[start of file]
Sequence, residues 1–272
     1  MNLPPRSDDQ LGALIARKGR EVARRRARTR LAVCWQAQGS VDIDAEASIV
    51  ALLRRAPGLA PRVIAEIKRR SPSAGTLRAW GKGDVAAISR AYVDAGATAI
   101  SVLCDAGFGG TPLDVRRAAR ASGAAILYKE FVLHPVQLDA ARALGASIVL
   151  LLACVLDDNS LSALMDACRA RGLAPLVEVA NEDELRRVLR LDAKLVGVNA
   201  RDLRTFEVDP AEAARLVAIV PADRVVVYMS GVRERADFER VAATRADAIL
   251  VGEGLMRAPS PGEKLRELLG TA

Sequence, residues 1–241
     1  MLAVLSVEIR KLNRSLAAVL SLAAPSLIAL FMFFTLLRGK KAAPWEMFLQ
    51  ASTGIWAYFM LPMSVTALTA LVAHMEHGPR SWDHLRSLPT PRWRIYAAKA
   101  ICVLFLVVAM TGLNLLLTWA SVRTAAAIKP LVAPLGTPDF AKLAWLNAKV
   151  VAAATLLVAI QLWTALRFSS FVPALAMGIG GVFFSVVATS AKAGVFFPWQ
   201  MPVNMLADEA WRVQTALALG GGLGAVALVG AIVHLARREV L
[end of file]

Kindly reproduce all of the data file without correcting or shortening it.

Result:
Sequence, residues 1–272
     1  MNLPPRSDDQ LGALIARKGR EVARRRARTR LAVCWQAQGS VDIDAEASIV
    51  ALLRRAPGLA PRVIAEIKRR SPSAGTLRAW GKGDVAAISR AYVDAGATAI
   101  SVLCDAGFGG TPLDVRRAAR ASGAAILYKE FVLHPVQLDA ARALGASIVL
   151  LLACVLDDNS LSALMDACRA RGLAPLVEVA NEDELRRVLR LDAKLVGVNA
   201  RDLRTFEVDP AEAARLVAIV PADRVVVYMS GVRERADFER VAATRADAIL
   251  VGEGLMRAPS PGEKLRELLG TA

Sequence, residues 1–241
     1  MLAVLSVEIR KLNRSLAAVL SLAAPSLIAL FMFFTLLRGK KAAPWEMFLQ
    51  ASTGIWAYFM LPMSVTALTA LVAHMEHGPR SWDHLRSLPT PRWRIYAAKA
   101  ICVLFLVVAM TGLNLLLTWA SVRTAAAIKP LVAPLGTPDF AKLAWLNAKV
   151  VAAATLLVAI QLWTALRFSS FVPALAMGIG GVFFSVVATS AKAGVFFPWQ
   201  MPVNMLADEA WRVQTALALG GGLGAVALVG AIVHLARREV L